Automotive light weighting: driving the revolution

Posted on 11 Apr 2016 by The Manufacturer

Sajid Mohammed, Associate Commercial Director at plastics recycler Luxus, looks at how automotive light weighting is helping drive a step-change in plastics innovation.

With government legislation putting automotive manufacturers on a deadline to improve fuel efficiency and lower emissions, light weighting materials technology is now taking major steps forward to help meet this challenge.

Yet vehicle weight has actually been increasing as OEMs continuously add car features, so reversing this growing weight spiral has become an urgent priority. Over the past 15 years, cars have not become lighter, but are instead typically 30% heavier.

By 2020 and 2025, European OEM’s must reduce average fleet tailpipe emissions to below 95g of CO2/ km and then 75g of CO2/km. If they fail to meet these targets the consequences could be catastrophic, leading to hefty fines based on each car produced.

The increasing adoption of plastics has helped to offer the solution to reduce weight without compromising the safety and comfort features that have been responsible for this upward spiral.

The challenge for plastics compounders is still therefore, how to produce ultra-lightweight, strong, rigid and yet sustainable thermoplastic high performance materials and make the process reliable and repeatable on a mass scale.

This technology isn’t new, but the problem of how to upscale it for mass production must be solved.

Lincolnshire-based technical compounder Luxus, has a 15-year pedigree in the delivery of thermoplastic grades for the auto interior trim market.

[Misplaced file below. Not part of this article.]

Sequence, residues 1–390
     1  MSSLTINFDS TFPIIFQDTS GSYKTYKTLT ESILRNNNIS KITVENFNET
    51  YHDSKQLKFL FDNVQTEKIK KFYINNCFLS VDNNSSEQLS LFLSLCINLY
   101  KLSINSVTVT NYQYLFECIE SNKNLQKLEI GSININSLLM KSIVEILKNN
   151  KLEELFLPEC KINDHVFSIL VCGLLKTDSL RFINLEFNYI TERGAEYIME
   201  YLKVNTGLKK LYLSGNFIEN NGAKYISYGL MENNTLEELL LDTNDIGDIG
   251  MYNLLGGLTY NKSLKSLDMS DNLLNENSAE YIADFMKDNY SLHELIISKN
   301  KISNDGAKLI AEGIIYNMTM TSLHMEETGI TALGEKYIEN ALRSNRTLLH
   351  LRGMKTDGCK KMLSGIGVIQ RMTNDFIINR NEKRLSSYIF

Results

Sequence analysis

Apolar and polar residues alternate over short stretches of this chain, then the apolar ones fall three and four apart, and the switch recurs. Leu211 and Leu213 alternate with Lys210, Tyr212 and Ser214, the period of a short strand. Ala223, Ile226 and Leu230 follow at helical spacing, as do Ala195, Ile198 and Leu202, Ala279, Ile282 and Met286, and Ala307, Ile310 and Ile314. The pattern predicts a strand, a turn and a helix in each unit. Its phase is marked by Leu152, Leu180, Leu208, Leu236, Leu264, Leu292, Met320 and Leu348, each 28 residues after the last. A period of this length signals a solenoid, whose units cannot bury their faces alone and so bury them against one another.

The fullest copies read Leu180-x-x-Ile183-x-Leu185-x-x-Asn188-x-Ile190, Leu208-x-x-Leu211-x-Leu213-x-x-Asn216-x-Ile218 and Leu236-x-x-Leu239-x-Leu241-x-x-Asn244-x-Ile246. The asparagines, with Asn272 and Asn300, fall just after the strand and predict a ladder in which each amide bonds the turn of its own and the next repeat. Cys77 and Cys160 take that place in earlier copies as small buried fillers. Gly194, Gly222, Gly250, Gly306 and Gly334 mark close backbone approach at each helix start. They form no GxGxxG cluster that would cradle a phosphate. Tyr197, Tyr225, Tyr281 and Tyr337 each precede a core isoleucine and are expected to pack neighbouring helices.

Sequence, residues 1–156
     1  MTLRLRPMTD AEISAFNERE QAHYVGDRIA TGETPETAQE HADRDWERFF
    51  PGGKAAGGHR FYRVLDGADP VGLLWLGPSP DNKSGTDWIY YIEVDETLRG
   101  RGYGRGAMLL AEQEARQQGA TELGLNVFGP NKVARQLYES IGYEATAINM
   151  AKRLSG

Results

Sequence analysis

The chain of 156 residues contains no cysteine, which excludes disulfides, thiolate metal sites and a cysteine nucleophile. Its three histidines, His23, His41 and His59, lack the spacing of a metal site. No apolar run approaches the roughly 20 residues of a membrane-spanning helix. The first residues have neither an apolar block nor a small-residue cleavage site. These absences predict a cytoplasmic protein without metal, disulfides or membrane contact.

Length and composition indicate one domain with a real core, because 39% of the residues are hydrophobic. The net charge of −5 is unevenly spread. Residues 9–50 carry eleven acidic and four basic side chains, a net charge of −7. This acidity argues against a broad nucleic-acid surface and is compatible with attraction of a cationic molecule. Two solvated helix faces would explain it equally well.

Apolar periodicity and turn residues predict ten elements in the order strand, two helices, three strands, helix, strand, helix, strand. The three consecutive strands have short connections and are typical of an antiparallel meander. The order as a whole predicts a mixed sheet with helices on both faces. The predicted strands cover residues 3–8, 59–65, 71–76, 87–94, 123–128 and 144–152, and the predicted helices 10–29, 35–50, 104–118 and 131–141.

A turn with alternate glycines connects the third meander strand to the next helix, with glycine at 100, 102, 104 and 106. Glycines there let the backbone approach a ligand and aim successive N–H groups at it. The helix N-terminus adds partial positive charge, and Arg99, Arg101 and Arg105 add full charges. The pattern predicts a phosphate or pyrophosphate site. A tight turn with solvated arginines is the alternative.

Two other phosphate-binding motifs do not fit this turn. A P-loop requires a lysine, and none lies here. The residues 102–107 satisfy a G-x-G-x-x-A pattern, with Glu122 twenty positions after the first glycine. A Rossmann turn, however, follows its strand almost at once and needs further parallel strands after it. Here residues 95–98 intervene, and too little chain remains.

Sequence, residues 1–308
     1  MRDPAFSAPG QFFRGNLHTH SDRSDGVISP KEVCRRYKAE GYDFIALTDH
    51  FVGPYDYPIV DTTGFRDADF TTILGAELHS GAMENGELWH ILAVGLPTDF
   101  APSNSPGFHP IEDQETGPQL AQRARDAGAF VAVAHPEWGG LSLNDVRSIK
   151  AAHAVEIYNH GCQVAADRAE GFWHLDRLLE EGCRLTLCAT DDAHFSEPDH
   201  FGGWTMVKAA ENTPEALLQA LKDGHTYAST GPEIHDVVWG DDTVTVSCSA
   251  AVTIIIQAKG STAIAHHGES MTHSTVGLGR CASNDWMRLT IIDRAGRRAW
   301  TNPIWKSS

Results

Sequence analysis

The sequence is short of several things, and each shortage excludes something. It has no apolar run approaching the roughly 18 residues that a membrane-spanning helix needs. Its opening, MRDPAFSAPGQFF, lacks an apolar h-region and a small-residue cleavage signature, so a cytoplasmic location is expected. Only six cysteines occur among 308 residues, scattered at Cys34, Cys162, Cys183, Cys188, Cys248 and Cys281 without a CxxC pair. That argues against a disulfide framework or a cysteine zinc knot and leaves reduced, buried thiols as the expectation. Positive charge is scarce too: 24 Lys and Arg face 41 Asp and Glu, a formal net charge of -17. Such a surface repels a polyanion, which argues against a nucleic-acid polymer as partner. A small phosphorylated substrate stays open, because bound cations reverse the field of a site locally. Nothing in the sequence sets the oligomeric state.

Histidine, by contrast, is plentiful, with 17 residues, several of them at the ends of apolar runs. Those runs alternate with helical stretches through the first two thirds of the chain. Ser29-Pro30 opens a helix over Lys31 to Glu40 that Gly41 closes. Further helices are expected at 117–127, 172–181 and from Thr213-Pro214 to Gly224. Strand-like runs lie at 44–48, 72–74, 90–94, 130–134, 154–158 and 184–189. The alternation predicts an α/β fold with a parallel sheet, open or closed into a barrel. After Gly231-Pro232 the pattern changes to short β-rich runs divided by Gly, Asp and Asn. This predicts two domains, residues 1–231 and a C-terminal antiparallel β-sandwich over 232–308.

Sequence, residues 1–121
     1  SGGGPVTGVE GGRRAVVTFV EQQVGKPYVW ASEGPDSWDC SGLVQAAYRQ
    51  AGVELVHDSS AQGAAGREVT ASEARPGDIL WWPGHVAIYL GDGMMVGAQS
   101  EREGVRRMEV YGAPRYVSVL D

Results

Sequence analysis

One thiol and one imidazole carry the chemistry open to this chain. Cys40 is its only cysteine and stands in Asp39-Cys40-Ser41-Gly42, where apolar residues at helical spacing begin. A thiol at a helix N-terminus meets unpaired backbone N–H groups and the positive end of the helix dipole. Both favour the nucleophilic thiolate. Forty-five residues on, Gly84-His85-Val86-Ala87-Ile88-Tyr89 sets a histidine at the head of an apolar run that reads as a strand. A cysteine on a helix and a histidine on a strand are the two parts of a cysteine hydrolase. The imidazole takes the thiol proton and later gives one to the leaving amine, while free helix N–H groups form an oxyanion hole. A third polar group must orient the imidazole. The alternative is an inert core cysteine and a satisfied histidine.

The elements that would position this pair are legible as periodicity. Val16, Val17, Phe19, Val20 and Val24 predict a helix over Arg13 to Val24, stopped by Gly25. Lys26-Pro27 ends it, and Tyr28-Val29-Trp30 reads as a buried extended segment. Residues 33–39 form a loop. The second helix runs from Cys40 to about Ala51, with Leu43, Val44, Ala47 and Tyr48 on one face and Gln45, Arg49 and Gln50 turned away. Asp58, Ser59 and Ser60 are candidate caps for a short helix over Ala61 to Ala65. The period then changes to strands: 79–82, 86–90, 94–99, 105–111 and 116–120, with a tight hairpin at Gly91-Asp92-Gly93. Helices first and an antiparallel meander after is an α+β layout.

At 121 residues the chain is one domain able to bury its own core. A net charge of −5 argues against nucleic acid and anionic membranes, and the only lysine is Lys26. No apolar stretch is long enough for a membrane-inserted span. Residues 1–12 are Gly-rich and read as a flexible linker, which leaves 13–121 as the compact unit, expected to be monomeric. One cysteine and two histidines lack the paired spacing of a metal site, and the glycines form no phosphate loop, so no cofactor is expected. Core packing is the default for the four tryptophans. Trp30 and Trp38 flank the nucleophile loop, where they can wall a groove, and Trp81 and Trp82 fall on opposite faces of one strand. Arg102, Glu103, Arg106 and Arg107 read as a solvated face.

Luxus Factory
Lincolnshire-based technical compounder Luxus, has a 15-year pedigree in the delivery of thermoplastic grades for the auto interior trim market.

Yet, in the development of its next generation thermoplastics grade Hycolene, it required a new approach. It needed to make a necessary step-change in performance and production capacity to meet increasingly stringent specifications.

Eco-Innovation funded project – Recyclite

As a result, Luxus established a new consortium cofounded by €1.4m Eco-Innovation project in early 2015.

Its aim was to commercialise its Hycolen range of lightweight and scratch resistant compounds with improved life cycle analysis performance – for Class ‘A’ auto interior trim applications.

The commercialisation project known as Recyclite will complete in June this year.

It is co-funded through the EU’s Competitive and Innovation (CIP) programme and includes partners – automotive manufacturer Jaguar Land Rover, a Tier One moulder, International Automotive Components (IAC) and compounding system manufacturer, Coperion.

The project aims to help the European automotive industry to increase its uptake of recycled materials to meet emissions and ‘end of life’ vehicle legislation.

Sajid Mohammed, associate commercial director, Luxus.
Sajid Mohammed, associate commercial director, Luxus.

Sajid Mohammed, associate commercial director at Luxus said, “It’s great that the commercial potential of Hycolene has been recognised by the EU.